Music has always filled the house of French horn player Kelli Hirsch. As a child, she listened to records and the sound of her Mom playing the organ. When it came time to choose an instrument to play, Kelli took after her Mom and began piano lessons in 2nd grade.
However, in 5th grade, Kelli’s musical interest took a turn in a different direction when she saw a friend playing the French horn. “It felt unique,” she said. She soon joined the band and dove straight-in to learning a completely new instrument. Often being one of only two French horns in her school band and local youth orchestra, Kelli took advantage of the opportunity to excel and auditioned her senior year for the Hastings Symphony Orchestra in Nebraska, her hometown.
During college, Kelli’s passion for both instruments allowed her to play piano for work study and in a local church part-time. Kelli’s French horn followed her to Minneapolis, Minnesota where she was principal for the Kenwood Symphony Orchestra. In 2005, she performed in the world premiere of, “The Rondo Oratorio,” a piece written by Stephen Newby and commissioned by the American Composer’s Forum. The oratorio, which combines rap, hip hop, gospel, an orchestra and a choir, tells the story of a predominantly African American neighborhood of Rondo in St. Paul, Minnesota that was bulldozed to make room for Interstate 94 in 1959.
The performance gave Kelli “a greater appreciation for modern music,” and sparked a new personal interest in the genre. “It’s not always avant garde. It can be very tonal and central.” She said. Kelli’s experience with the American Composer’s Forum eventually led her to a job as a grant writer for the organization in 2006.
Kelli’s not only multi-faceted when it comes to musical instruments, she is a full-time Mom who works as the Major Gifts and Grants Manager for the Dumb Friends League (DFL) part-time. She researches and writes the grants that help support the DFL and assists the shelter with special events. When she needs an extra pick-me-up throughout the day, her perfect remedy is often a quick visit to play with the dogs and rabbits.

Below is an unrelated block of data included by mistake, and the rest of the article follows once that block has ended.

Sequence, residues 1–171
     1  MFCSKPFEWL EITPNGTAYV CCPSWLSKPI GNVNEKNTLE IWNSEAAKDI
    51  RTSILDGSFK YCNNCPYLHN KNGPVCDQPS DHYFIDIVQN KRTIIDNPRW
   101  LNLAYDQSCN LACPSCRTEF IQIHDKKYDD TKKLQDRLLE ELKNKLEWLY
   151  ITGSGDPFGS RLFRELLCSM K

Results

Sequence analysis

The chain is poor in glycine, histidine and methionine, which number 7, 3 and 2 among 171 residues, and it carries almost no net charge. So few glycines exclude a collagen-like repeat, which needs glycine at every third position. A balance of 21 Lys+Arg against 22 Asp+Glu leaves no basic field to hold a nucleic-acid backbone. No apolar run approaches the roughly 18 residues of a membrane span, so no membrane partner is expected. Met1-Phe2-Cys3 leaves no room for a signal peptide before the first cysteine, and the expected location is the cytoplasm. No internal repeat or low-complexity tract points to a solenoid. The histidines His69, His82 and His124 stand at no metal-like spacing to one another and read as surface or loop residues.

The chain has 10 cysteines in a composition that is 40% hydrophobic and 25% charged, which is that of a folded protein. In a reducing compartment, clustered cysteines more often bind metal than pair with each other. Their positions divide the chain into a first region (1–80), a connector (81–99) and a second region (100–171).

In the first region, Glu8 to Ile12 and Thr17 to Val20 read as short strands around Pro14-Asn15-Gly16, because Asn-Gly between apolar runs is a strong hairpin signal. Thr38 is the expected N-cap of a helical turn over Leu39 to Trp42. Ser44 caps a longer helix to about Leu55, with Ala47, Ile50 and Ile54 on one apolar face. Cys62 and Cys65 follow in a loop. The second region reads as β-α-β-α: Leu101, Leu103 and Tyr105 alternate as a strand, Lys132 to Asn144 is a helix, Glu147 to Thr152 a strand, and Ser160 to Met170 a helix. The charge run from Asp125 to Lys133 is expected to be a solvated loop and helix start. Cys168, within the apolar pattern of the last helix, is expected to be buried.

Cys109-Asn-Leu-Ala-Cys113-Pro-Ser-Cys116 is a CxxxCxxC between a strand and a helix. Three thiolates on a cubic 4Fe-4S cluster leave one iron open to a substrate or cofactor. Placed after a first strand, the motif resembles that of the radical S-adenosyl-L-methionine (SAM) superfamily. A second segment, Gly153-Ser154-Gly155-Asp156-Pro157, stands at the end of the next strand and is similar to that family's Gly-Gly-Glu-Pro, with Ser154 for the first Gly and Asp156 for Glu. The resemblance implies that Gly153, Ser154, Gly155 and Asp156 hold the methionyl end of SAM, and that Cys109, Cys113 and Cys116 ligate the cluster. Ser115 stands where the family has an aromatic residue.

Kelli also performs with a local woodwind quintet, the Gossamer Winds. In an effort to support other Metro nonprofit organizations such as Global Down Syndrome and Ballet Ariel, the quintet will often auction themselves at silent auctions, where the highest bidder receives a private performance in their home. Though Denver may be a larger community than her hometown of Hastings, she has always identified with helping her neighbors and giving back. “It’s great to be playing for the community,” Kelli says.
Kelli is in her sixth season with the Denver Philharmonic Orchestra. “I’ve seen the audience grow and develop. We have the audience I think everyone wants,” She said. Often a mixture of patrons from various walks of life, Kelli’s greatest pleasure is seeing children in the audience.
Despite keeping herself busy, family is always her first priority. “It’s important to be home and be a part of [my daughters’] lives,” Kelli said. Growing up, Kelli’s own close-knit family shaped how she now raises her own children. Her two daughters, ages 2 and 4, share the same enthusiasm for live music. The girls, who often put on their own piano and voice recitals for Kelli and her husband (a trombone player), always remember to curtsy after their performances.
Supporting family members and their music is natural for Kelli. Her biggest advocate is her dad, as he encouraged her to keep playing as she grew older. “Remember to smile,” he often says. This small advice has gone a long way for Kelli and she is reminded of him every time she performs, however the mute for her horn also serves as a special reminder.
When Kelli first started playing, her dad made his own version of a mute handle. Using a second-hand purse, he sewed the straps together so Kelli could make mute changes more easily. She still uses the mute to this day. “It has special meaning,” Kelli said.
Kelli’s biggest reward from music is the closeness that it can bring to a family who enjoys its essence together. Whether it’s the small voices of children singing for all to hear, or the notes of a piano, a French horn or trombone resounding through the walls, Kelli has made a comfortable home where love and music will always have a place to dwell.
Bands on repeat: Any children’s songs that her daughters are listening to, which currently involves learning numbers and the ABC’s as well as The Wizard of Oz. However, during her own free time, she enjoys Harry Connick Jr.
First Concert: A local symphony in her hometown of Hastings, Nebraska.
By Julia Compton, DPO Embedded Reporter